Bob officially retired in 2017 and has since enjoyed spending time with his wife Marian. Bob and Marian continue to support the efforts Bob pioneered, not only in our community but across the Country.

Bob’s legacy of victim rights and critical support for those in need is profound. During National Crime Victim Rights Week, the leadership staff of Victim Assistance Program selects an individual or organization that emulates Bob’s decades of passion, commitment, and actions to enhance current services and the rights of victims. This award honors Bob’s legacy and those who continue to expand upon his vision.



[3] Leanne Graham, President & CEO of Victim Assistance Program


2024 Recipient – Stephanie Warsmith

Stephanie Warsmith grew up in Columbus and got her journalism degree at the Ohio State University. She was an intern for the Beacon Journal in the statehouse bureau and was hired as a full-time reporter in September of 1998.

Stephanie started on the night police beat and then moved to covering police during the day. She met Bob Denton when she did a profile on him for the Beacon Journal’s Sunday Magazine, with her work on this story starting her appreciation of victims and the agencies that help them.

Stephanie and photographer Karen Schiely accompanied Denton and another pastor to New Jersey after 9-11, where the pastors counseled first-responders who were assisting with the World Trade Center bombing.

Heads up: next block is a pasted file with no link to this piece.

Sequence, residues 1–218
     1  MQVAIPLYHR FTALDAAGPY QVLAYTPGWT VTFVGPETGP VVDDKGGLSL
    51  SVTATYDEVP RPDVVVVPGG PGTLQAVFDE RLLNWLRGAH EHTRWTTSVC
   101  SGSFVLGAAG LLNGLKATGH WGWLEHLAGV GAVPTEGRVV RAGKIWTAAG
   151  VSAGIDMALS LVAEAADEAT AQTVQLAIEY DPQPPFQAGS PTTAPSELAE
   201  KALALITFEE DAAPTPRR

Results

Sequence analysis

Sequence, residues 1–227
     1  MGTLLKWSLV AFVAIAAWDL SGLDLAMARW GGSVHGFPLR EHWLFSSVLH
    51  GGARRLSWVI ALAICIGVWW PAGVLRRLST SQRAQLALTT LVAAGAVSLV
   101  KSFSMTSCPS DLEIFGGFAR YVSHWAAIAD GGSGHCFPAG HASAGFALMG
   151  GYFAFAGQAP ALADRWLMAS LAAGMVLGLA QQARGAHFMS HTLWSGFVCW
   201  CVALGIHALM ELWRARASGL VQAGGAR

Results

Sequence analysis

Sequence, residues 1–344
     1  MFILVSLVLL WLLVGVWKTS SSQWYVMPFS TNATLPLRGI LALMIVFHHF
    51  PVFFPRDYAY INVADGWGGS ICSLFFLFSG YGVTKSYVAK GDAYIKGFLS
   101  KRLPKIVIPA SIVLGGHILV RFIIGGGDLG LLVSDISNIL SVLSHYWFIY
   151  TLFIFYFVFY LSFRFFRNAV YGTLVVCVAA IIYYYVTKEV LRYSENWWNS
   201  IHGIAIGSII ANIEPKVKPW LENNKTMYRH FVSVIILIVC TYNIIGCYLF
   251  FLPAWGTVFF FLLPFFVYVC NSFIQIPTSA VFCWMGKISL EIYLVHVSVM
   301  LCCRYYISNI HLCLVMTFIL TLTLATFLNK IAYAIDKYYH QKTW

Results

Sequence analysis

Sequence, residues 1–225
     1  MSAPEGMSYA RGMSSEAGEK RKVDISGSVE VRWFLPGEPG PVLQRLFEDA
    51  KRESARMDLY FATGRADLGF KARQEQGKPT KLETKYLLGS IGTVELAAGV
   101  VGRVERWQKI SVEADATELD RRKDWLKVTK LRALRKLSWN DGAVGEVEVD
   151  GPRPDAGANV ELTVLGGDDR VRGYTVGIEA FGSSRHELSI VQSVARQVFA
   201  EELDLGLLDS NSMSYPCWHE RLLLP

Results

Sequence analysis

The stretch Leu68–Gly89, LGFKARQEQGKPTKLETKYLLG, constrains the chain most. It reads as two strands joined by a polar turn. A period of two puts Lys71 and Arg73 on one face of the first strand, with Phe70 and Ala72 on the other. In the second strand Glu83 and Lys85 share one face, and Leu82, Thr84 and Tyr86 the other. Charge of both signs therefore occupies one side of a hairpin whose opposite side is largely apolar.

Stephanie left the police beat to cover education and politics/City Hall. She returned to a criminal justice focus in 2016 when she took over the courts beat for retiring reporter Ed Meyer. She reached out to the leaders in Victim Assistance, Battered Women’s Shelter and Rape Crisis Center, and made it one of her goals to write about issues involving these agencies and to keep victims in mind with the stories she wrote.

Over the years, Stephanie wrote about federal funding crunches that negatively impacted the local victim agencies, efforts for the agencies to coordinate, combine, and expand their services, and renovations to the shelter in Medina. Her stories helped to garner community support for the updated Medina shelter, for a new space for children started in domestic court, and to help with a cereal shortage at the Akron shelter.

When Stephanie has written stories about victims, she has made sure to include information about the agencies available to assist them. That includes stories she’s written in the past few years on stalking, sextortion, and, most recently, Ohio’s new strangulation law.

Stephanie recently moved from covering courts to an enterprise/projects beat at the Beacon Journal that will involve her focusing on more long-term and in-depth stories. She plans, though, to make sure her coverage includes issues involving criminal justice and crime victims.

On a personal note, Denton traveled to Columbus to marry Stephanie and her husband Duane in her parent’s backyard because Stephanie’s father had cancer and didn’t have long to live. She is very pleased to win an award that’s in the name of one of her favorite people.

Award Recipients

2024: Akron Beacon Journal Journalist, Stephanie Warsmith

2023: Summit County Domestic Relations Court, Judge Katarina Cook

2022: Summit County Prosecutor’s Office Director of Victim Services, Crystal Baker

2021: Akron Municipal Court, Judge Ron Cable

2020: Hope & Healing Resource Center CEO, Terri Heckman

2019: Cuyahoga Falls Fire Chief, Fred Jackson

2018: School Administrator & Survivor, Pamela Hinton

2017: Ohio State Representative, Emilia Sykes

2016: Summit County Domestic Relations Court, Judge Carol Dezso

2015: Rape Crisis Center’s Director of Services, Dana Zedak

2014: Akron Police Department, Captain Sylvia Trundle